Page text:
In order to find the GUID you need to specify in the RankingModelID, you can run the following PowerShell.  This will get the default Enterprise Search Service Application, then return all the Ranking Models that are configured.  As mentioned previously, only ranking models that include the Pronunciations Managed Metadata Property will return Phonetic Results.  From some testing, the People based models include the property.  In my sample, I’m using the MainPeopleModel. 


Get all the installed Ranking Models:      
Get-SPEnterpriseSearchServiceApplication | Get-SPEnterpriseSearchRankingModel | fl Name, ID

image

 

You can also take this further by creating a custom ranking model that contains the Pronunciations Managed Metadata Property and install it.  A complex ranking model doesn’t really apply once you sort the results alphabetically.  In a simple load test in my VM based dev box showed my ranking model being slightly slower (very slight) when compared to the MainPeopleModel.  With that, I’m mainly including this to show you can do it, and to show the Pronunciations property in the ranking model:

<?xml version='1.0' encoding='utf-8'?>
<rankingModel name='MyPeopleRanking'
              id='c978ef2b-300a-444b-af9a-d51261294587'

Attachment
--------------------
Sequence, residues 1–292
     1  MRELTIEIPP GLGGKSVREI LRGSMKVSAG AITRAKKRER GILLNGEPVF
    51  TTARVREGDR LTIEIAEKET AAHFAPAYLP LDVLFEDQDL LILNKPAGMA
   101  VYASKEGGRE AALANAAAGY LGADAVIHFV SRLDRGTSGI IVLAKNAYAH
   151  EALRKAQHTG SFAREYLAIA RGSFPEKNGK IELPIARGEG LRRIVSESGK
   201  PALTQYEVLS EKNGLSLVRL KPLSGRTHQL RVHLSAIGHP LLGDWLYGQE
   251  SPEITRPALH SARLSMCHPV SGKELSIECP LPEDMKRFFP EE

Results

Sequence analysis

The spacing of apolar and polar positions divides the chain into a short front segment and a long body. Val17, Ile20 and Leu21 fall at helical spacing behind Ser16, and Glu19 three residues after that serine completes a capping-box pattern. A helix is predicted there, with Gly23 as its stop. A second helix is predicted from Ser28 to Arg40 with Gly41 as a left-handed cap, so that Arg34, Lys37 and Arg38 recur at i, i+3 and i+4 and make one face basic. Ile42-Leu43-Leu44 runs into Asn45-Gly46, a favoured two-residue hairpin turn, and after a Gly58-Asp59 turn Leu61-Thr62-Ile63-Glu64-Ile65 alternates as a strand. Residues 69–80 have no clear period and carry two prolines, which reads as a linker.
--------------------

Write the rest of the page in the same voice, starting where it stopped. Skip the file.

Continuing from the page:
description='Ranking model that only included Pronunciations managed property'
              xmlns='http://schemas.microsoft.com/office/2009/rankingModel'>
  <queryDependentFeatures>
    <queryDependentFeature name='Pronunciations'
                           pid='180'
                           weight='0'
                           lengthNormalization='5.0000000000'/>
  </queryDependentFeatures>
</rankingModel>

 

The pid attribute is very important as that links the ranking model to the managed property.  To get the pid value used for the queryDependentFeature, you have to get the ID of the Managed Metadata Property.  Here’s some PowerShell that will get that for you.
 

This will dump out all the properties:   
Get-SPEnterpriseSearchServiceApplication | Get-SPEnterpriseSearchMetadataManagedProperty

This will only dump out Pronunciations: 
Get-SPEnterpriseSearchServiceApplication | Get-SPEnterpriseSearchMetadataManagedProperty | where {$_.Name –eq “Pronunciations”}

image

 

In order to use the Ranking Model, you need to add it into SharePoint.  You use the New-SPEnterpriseSearchRankingModel cmdlet, and pass it the above rankingModel XML in a long string.

Get-SPEnterpriseSearchServiceApplication | New-SPEnterpriseSearchRankingModel

image

You’ll then get prompted for the RankingModelXML property.  Paste in the above XML as a string, and hit Enter.  Just swap out the RankingModelID in the sample for the one from your ranking model, and you’re all set.

image

 

Special thanks to Neil Hodgkinson for linking me up with Boxin Li, Victor Poznanski, and Dmitriy Meyerzon from the product group.  They pointed out the link between EnablePhonetic, and the ranking model requiring Pronunciations managed property.

 

Additional Links:

Ranking Model Schema

Blog discussing Ranking Models in SharePoint

  • Exactly what I was looking for!

    Could you possibly highlight the necessary changes on the XSLT as well?

    Thanks